Daniel Woodrell writes ugly as beautifully as anyone I have come across. And he found just the place to exploit his talent.
The back hollows of Missouri’s Ozarks nurture just the kind of neo-ugly we’d expect to read about only in graphic novels or pulp fiction paperbacks. Instead, Woodrell gave us literature with Winter’s Bone, an unflinchingly corrupt story told in the cadences of the ancient mountain lyrics that have chronicled centuries of poverty, isolation, crime, and fiefdoms built upon little more than blood and bone loyalties.
Ree Dolly is a 16-year-old fringe player blood-bound to the notorious and influential Dolly clan. Her daddy, a sometime cooker in the family’s crystal meth business, has skipped bail and disappeared into the lawless, change-averse hills and hollers that hold secrets more holy than God. If he doesn’t return in time for his court date, Ree, her younger brothers and dementia-addled mother—barely scraping by on grudging handouts—will lose their house, and what meager security they claim. That is the gist, the grist, the grit of story—Ree’s struggles to find her father, and save her hardscrabble home.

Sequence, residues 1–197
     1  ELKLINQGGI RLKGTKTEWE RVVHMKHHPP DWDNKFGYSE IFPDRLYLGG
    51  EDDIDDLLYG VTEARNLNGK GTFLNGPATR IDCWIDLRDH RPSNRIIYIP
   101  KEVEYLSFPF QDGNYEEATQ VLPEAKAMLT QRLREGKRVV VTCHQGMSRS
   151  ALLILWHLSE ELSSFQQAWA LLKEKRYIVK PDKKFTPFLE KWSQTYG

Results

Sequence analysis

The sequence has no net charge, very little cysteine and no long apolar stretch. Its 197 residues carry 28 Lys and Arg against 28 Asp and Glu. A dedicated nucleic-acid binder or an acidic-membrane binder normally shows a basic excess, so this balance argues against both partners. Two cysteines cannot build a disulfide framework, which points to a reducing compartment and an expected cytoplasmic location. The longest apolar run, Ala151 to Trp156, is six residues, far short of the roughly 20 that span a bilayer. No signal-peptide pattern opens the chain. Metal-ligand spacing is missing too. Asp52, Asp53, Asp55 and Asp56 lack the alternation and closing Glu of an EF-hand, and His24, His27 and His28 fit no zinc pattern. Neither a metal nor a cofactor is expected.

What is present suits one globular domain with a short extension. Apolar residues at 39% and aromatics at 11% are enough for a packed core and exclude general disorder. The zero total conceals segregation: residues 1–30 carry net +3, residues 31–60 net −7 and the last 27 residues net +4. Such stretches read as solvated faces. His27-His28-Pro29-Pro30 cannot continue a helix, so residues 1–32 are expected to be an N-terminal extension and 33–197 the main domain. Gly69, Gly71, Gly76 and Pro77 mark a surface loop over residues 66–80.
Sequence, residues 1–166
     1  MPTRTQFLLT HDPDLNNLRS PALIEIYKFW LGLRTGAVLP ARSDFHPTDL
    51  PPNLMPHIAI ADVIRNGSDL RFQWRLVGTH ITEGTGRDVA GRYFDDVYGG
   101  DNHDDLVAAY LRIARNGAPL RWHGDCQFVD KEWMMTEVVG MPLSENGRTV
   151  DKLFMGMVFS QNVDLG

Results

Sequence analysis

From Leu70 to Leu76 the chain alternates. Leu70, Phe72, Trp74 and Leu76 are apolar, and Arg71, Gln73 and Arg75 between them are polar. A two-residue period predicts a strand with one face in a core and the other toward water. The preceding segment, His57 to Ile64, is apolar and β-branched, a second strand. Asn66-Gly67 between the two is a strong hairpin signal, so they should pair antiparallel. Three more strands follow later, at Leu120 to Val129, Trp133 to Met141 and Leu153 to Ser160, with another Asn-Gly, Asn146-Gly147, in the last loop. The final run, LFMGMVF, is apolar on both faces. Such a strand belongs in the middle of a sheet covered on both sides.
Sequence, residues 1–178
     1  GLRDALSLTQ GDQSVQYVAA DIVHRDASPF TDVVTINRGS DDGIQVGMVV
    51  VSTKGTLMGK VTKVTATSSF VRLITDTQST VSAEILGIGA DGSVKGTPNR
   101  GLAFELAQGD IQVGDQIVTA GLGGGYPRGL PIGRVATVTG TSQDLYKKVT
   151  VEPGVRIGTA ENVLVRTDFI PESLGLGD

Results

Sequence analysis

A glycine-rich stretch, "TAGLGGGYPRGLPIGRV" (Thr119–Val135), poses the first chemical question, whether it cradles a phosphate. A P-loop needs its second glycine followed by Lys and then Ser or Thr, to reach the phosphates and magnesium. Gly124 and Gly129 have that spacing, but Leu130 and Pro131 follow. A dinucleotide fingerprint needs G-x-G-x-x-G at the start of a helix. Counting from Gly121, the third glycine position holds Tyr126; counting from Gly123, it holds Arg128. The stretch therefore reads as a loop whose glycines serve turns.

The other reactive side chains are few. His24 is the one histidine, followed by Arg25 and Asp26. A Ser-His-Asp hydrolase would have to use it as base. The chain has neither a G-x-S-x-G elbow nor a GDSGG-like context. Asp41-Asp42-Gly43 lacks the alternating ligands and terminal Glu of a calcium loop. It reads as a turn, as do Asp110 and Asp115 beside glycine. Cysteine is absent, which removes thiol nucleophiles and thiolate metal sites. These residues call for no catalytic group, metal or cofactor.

And here’s where Woodrell gets lyrical. The Ozarks of the Dollys has only selectively evolved. Sure, crystal meth has replaced moonshine as the prime revenue source for the entire region, but the intrigues, insularity, and the cruel hierarchy imposed by extended families are, literally, as old as the hills. It is this time rift that provides the dark ink in which Ree’s story iswritten. Given a cast of rural characters lifted out one mugshot at a time, this story could haveeasily descended into rank despair, but—while there is plenty of backwoods anguish—Woodrell draws us one character too gritty to be pitied, too flawed to be good, and too resigned to be redeemed by anything outside the harsh rules governing the only world she will ever know. She is a Dolly. If she is to prevail, she must do it the Dolly way. It is not pretty, but Woodrell—in true Ozark fashion—won’t brook compromises.
See what I mean by ugly? But I’m barely scratching the rust off a beautifully written Woodrell is very much his own writer. This is a unique novel written about a unique land and a hybrid culture he clearly knows from the inside out. Still, a couple of comparisons come to mind: James Dickey, and Cormac McCarthy. The first for his sensibility for poetic turns, the second for his unrelenting sense of time and place.
A very fair film has been made from Winter’s Bone. The director got much of it right. But nothing will substitute for the lyricism Woodrell wrote onto every page of this literate novel.
Read the book, then see the movie, or do it the other way around. I don’t care. But pay attention to this guy. He’s one of the best we’ve got.
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editor's note: All reviews are the sole opinion of the author. They are not an endorsement by Page & Spine. -NKW